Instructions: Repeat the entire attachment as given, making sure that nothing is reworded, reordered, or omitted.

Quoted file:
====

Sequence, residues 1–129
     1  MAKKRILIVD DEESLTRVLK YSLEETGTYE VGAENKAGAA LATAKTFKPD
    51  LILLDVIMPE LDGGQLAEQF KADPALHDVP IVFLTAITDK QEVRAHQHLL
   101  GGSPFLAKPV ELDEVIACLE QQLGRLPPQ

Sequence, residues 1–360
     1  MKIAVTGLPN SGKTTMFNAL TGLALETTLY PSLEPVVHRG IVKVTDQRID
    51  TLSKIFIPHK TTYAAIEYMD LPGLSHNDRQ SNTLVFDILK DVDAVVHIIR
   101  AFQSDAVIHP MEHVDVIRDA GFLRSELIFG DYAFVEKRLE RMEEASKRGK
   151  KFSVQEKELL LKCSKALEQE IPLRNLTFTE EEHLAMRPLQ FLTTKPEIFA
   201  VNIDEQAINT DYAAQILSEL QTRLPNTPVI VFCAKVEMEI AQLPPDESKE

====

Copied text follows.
Sequence, residues 1–129
     1  MAKKRILIVD DEESLTRVLK YSLEETGTYE VGAENKAGAA LATAKTFKPD
    51  LILLDVIMPE LDGGQLAEQF KADPALHDVP IVFLTAITDK QEVRAHQHLL
   101  GGSPFLAKPV ELDEVIACLE QQLGRLPPQ

Sequence, residues 1–360
     1  MKIAVTGLPN SGKTTMFNAL TGLALETTLY PSLEPVVHRG IVKVTDQRID
    51  TLSKIFIPHK TTYAAIEYMD LPGLSHNDRQ SNTLVFDILK DVDAVVHIIR
   101  AFQSDAVIHP MEHVDVIRDA GFLRSELIFG DYAFVEKRLE RMEEASKRGK
   151  KFSVQEKELL LKCSKALEQE IPLRNLTFTE EEHLAMRPLQ FLTTKPEIFA
   201  VNIDEQAINT DYAAQILSEL QTRLPNTPVI VFCAKVEMEI AQLPPDESKE